Amouage Journey Man and Woman is available from Luckyscent, First in Fragrance and directly from the Amouage e-store.

Image of Amouage Journey courtesy of Amouage. Used by permission.

Much invaluable research came via The Chinese Mirror and the Ling Long Magazine archives of Columbia University.

Disclosure: My samples were provided courtesy of Amouage. I thank the Very August Personage from the bottom of my storyteller’s heart for making this review so incredibly hard to write yet such an endless joy to research.

Also thanks to Ms. Hare, who kicked/shamed/double-dared me to finish it. Or else.

Refractions in a Jasmine’s Eye

mcescher1

–  a review of Amouage Opus VIII

In over three and a half years of perfume blogging, I’ve reviewed over five hundred perfumes. Some great, some spectacular and some… not quite so much. Some reviews have come easy and some have come hard, not because I hated the perfume (although that has happened), but because in order for me to haul out The Perfume Reviewer kicking and screaming (because she basically just wants to enjoy it), I have to find an angle, a hook, bait to reel the reader in.

In all that time and with all those marvels, nothing I ever review – and I’d like to emphasize this – is ever so hard to hook, angle or locate the bait as just about any Amouage.

Once upon a storied time – how can it be three years ago? – I dismissed Amouage as being too rich for my blood, just another hyped-up hyper-luxurious brand that couldn’t possibly live up to the accolades heaped upon it. I can’t afford even one of them. I’d cover my ears and sing “La-la-la, I can’t hear you!” when my fellow friends and perfume bloggers sang its praises on their blogs. Finally, I gave in to my own relentless curiosity and those verbal, knowing smirks from those same friends and bloggers and ordered two outrageously expensive Amouage samples of Epic Woman and Ubar at First in Fragrance just to knock them down to an approachable, human size.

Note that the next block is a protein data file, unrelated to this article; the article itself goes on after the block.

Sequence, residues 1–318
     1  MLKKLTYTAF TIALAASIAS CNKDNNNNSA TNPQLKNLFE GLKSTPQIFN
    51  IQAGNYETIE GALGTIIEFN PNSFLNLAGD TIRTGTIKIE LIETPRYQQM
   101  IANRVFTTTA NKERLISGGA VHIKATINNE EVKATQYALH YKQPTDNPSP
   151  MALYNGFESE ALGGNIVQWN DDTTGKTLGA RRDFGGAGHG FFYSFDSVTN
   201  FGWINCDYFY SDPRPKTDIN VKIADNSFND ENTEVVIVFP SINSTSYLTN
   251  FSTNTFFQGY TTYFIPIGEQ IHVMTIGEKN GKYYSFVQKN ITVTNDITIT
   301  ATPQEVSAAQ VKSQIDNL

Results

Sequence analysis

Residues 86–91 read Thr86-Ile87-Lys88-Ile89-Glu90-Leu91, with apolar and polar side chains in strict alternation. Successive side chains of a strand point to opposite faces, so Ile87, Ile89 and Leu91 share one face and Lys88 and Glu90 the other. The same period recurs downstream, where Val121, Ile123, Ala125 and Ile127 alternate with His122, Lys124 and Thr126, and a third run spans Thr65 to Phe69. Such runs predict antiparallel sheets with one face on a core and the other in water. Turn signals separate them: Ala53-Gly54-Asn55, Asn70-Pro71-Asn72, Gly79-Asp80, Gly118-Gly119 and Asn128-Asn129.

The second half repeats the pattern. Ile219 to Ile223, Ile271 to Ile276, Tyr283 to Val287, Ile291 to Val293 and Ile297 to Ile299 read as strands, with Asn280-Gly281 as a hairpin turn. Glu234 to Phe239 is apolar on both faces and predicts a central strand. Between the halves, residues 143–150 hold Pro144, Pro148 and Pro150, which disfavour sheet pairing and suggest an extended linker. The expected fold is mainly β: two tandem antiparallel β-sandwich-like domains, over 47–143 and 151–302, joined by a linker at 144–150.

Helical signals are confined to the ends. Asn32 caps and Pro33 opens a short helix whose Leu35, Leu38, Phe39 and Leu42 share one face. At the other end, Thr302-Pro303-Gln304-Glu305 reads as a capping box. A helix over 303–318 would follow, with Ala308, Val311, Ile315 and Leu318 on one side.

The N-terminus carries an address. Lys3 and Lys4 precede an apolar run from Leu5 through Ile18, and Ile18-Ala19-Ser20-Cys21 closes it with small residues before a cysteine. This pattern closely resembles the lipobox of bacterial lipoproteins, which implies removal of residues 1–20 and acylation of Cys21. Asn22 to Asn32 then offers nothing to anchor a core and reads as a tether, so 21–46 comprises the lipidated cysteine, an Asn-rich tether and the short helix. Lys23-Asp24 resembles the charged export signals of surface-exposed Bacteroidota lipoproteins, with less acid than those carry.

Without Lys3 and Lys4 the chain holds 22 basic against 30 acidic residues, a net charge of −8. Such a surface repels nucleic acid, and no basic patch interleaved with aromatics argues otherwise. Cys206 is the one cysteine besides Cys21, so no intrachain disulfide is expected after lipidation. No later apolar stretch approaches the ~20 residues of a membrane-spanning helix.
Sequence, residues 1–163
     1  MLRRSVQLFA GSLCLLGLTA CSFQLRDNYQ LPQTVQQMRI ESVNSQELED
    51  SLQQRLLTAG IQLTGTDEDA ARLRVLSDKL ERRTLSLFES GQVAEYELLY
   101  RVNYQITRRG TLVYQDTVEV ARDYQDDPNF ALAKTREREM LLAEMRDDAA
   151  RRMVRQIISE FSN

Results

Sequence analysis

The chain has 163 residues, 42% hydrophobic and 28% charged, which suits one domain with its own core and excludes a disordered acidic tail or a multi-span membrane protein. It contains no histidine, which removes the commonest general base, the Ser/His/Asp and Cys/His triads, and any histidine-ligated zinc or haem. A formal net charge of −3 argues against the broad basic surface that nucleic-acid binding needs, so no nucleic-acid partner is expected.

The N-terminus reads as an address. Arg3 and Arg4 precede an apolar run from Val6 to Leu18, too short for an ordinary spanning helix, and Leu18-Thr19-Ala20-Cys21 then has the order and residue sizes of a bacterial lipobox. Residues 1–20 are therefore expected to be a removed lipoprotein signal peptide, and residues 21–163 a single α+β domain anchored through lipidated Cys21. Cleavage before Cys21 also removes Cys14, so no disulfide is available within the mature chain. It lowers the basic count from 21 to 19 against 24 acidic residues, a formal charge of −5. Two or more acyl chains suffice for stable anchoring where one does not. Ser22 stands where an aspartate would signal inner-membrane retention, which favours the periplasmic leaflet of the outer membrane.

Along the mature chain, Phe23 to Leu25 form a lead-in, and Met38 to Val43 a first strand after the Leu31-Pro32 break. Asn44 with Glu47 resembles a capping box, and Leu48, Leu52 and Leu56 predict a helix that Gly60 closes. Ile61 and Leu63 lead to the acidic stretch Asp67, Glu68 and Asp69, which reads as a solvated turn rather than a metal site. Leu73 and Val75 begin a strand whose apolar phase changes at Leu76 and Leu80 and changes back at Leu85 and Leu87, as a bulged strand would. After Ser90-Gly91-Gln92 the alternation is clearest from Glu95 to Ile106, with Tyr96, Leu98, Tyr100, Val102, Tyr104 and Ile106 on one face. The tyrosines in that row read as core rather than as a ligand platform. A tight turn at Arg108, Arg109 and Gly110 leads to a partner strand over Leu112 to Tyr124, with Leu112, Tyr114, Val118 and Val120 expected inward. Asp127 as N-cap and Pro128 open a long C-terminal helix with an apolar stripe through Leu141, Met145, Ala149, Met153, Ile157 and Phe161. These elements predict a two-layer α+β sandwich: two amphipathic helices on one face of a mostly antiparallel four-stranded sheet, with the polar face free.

The rest, as they say, is history. Whether I’ve surprised myself writing narratives or merely bathetic attempts to just capture my impressions in words, by all the patron saints of perfume they are, every last one I’ve tried, really… all that and so much more.

It pains me more than you know to bang my head against the keyboard and tell you their newest release, the Library Collection’s Opus VIII, is no exception to that rule. It also proves just as slippery and elusive to decline and define.

I’ve long had the sneaking suspicion that the unisex Library Collection is where Creative Director Christopher Chong lets his inspirations run a little looser and freer and gives his perfumers license to write literature in essence, absolute and accords. If Opus V could be called Carnal Iris, and Opus VI Odysseys in Amber, Opus VII was a bottled Edgar Allan Poe tale all the best and sublimely Gothic ways titled Spenser’s Forest.

Opus VIII is a new tale in a new setting with countless plot twists and turns, this one as blinding sunshine bright as Opus VII was moody, magnificent darkness.

I don’t know how or even why, since it’s listed nowhere in the notes or anywhere else I could find, but on me, Opus VIII begins as incendiary green as a morning in early May. Jasmine sambac is indeed a greener, fruitier variety of jasmine, which might explain why I was kicked awake and aware by an emerald green punch of fizzy, razor-sharp Persian lime.

Lime! Not mojito, not caipirinha and not at all margarita, but a warm, bittersweet green sunrise as a heliotropic jasmine begins to unfurl and that blinding bright gilds its edges and everything begins to glow, everywhere you sniff. Was that a hint of banana leaf? No. It’s that heady jasmine. Or else it’s the sensuous sparks of saffron and ginger firing up the floral fireworks.

But instead of your usual summer fireworks imagery, see instead a jasmine sambac chrysanthemum bomb exploding in an endless hall of mirrors, some convex, others concave, and yet others flat, wavy and in varying hues of blues, golds and greens. You just don’t know where to look, never mind how to sniff. The florals are distorted and painted large on scented woody billboards advertising alternative, gravity-defying magic carpet rides of what flowers are able to do in a perfume if they’re allowed.

Once thing is certain – they’ve never quite done this before.

Ylang ylang, with those custard and banana leaf undertones dances and flirts with the jasmine in perfect step with frankincense adding its own lemony, woody allure.

Like all the Opus line and indeed most Amouages, Opus VIII is incredibly hard to parse. Just when you think you have it all mapped out, the figurative magic carpet is pulled out from under you. Up is down and down is up. Jasmine is not at all jasmine sambac, but instead a phantasmagorical jasmine, no! Wait! Orange blossom! Yes?